Grudt v. City of Los Angeles

CourtUnited States State Supreme Court (California)
Citation468 P.2d 825,86 Cal.Rptr. 465,2 Cal.3d 575
Decision Date13 May 1970
Parties, 468 P.2d 825 Delma GRUDT, Plaintiff and Appellant, v. CITY OF LOS ANGELES et al., Defendants and Respondents. L.A. 29715.

Belli, Ashe, Ellison, Choulos & Lieff, San Francisco, Irmas, Simke, Rutter, Green, Lasher & Hecht, Beverly Hills, Melvin Belli, San Francisco, David Manning Chodos, S. M. Irmas, Jr., Beverly Hills, and Harvey A. Schneider, Pasadena, for plaintiff and appellant.

Roger Arnebergh, City Atty., and John A. Daly, Asst. City Atty., for defendants and respondents.

MOSK, Acting Chief Justice.

On February 24, 1965, John Grudt was shot and killed by two Los Angeles police officers. Mrs. Delma Grudt, his widow, brought a wrongful death action for damages against the two officers and the City of Los Angeles. After a jury verdict for defendants, plaintiff appeals. 1

On the night of the shooting at 12:15 A.M., John Grudt, a 55-year-old carpenter who was slightly hard of hearing, was observed by two plainclothes police officers as they drove an unmarked blue 1960 Plymouth four-door sedan without siren or red light. Grudt was driving northbound on Western Avenue at about 35 to 40 miles per hour and narrowly missed running down two women in the crosswalk. The officers determined to stop Grudt for questioning because he was driving in a high crime area, but they did not intend to arrest him for traffic violations. They pulled along the side of Grudt's moving car, and the officer on the passenger side raised his badge, shined his flashlight on it, and shouted 'Police Officer. Pull Over.' Grudt continued driving and turned right at the next corner with the officers in pursuit. The officers again pulled alongside, the passenger showed his badge, and the driver flashed his bright lights and sounded his horn, but Grudt did not yield. Grudt made two more right turns and returned northbound on Western Avenue. The officers became alarmed when Grudt was seen to reach under the front seat of his car, although he did not exhibit any weapon.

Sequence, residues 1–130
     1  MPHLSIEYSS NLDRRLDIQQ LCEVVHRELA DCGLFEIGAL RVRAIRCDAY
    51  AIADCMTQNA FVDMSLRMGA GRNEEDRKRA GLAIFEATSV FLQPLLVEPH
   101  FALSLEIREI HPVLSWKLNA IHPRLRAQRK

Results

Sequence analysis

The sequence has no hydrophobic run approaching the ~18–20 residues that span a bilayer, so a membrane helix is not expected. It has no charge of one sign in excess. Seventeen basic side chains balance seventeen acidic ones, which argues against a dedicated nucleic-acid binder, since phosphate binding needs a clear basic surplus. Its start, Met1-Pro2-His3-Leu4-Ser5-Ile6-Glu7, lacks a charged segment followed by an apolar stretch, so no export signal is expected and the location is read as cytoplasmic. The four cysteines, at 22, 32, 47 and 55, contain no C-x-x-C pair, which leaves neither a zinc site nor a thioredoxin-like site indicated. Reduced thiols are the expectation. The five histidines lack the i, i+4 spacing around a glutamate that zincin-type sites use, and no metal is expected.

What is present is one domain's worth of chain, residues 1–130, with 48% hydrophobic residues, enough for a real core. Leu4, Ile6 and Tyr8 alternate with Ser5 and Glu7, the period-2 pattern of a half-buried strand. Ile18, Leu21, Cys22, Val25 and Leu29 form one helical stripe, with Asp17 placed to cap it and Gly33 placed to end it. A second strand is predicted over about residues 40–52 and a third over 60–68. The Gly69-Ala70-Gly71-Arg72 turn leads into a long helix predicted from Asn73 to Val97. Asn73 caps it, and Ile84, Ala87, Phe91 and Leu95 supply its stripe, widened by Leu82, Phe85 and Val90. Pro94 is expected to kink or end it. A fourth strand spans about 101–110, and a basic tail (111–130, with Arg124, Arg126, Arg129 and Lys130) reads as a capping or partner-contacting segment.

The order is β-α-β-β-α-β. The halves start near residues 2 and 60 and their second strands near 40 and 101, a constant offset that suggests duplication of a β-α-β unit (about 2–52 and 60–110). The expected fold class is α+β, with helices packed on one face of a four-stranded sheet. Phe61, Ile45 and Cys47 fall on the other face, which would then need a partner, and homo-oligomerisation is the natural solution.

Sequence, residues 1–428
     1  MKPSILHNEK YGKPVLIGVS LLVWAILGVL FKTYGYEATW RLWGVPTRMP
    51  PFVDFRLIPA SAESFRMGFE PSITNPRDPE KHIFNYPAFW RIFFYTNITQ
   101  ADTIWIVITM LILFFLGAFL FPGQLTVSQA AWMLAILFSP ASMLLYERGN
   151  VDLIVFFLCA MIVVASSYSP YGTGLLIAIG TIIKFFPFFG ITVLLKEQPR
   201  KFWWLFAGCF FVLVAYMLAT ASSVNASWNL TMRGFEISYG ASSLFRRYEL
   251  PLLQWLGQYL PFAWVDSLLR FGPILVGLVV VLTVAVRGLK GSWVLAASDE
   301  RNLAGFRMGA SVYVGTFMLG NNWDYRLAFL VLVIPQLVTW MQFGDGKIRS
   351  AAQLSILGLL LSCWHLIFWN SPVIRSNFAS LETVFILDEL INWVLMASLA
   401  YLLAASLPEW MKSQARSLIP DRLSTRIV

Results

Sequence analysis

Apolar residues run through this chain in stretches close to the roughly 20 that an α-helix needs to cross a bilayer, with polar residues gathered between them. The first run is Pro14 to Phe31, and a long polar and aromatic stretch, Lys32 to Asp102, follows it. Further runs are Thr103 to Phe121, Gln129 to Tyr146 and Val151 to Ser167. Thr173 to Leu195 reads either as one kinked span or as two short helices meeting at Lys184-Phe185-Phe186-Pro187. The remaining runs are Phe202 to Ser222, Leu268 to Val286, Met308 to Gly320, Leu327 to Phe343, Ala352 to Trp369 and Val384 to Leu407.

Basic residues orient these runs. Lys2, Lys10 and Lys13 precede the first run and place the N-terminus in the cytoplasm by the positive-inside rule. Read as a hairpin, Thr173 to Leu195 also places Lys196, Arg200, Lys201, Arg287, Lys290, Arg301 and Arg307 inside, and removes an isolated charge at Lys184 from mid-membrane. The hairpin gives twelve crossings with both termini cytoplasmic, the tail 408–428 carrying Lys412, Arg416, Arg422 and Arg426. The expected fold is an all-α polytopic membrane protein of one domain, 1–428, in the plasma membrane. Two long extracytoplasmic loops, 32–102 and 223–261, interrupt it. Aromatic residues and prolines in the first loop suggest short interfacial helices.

Two other plainclothes policemen, Officers Kilgo and Rinehart, driving an unmarked 1961 pink-beige Dodge four-door heard a police broadcast that plain-clothes officers were pursuing a 1959 green and white Ford northbound on Western Avenue. According to Officer Kilgo's testimony, he and Rinehart positioned their vehicle partially across Western Avenue at the intersection of 22d Street, and Officer Rinehart waved a red light to alert oncoming traffic. Grudt's vehicle and another unidentified vehicle just ahead stopped at the intersection, where there were no traffic signals. Officer Kilgo alighted from his vehicle and loaded his double-barreled shotgun as he approached Grudt's car. The other car drove away and Kilgo tapped loudly on the closed left front window of Grudt's car with the muzzle of his shotgun. Grudt looked at Kilgo and 'was surprised and appeared to be frozen to the wheel.' Kilgo, realizing Grudt might have been frightened at seeing him without his uniform and carrying a shotgun, lifted his shotgun in the air, leaned forward and pointed to his badge displayed on his left front pocket. Thereupon, Grudt turned his wheels toward the left and accelerated his car. The car brushed Kilgo back and he feared that it was heading towards Officer Rinehart, who was standing in front and to the left of the Grudt car. Kilgo fired a shotgun blast through the left rear window of the vehicle. Rinehart testified that Grudt's vehicle struck his leg and that he jumped to his right and fired four rounds from his revolver into the left front window. About three seconds elapsed from the time that Kilgo saw Grudt 'frozen to the wheel' to the moment of the shots.

Grudt died within seconds of the shooting. It was undisputed that, after the shooting, Grudt's vehicle was at rest at the south side of a pedestrian crosswalk at the intersection of a Santa Monica freeway on-ramp and Western Avenue, about three car-lengths north of the 22d Street intersection. The car was pointing northward and was about six feet away from the curb to the east. There was a working traffic signal at the on-ramp intersection. At the time of the shooting, black and white marked police vehicles were converging on the area from both the north and the south.

Despite a thorough investigation after his death, no evidence of any crime committed by Grudt was uncovered. His wallet containing less than five dollars was found under the front seat, where he had apparently placed it during the chase. Grudt did not drink and had no previous criminal record.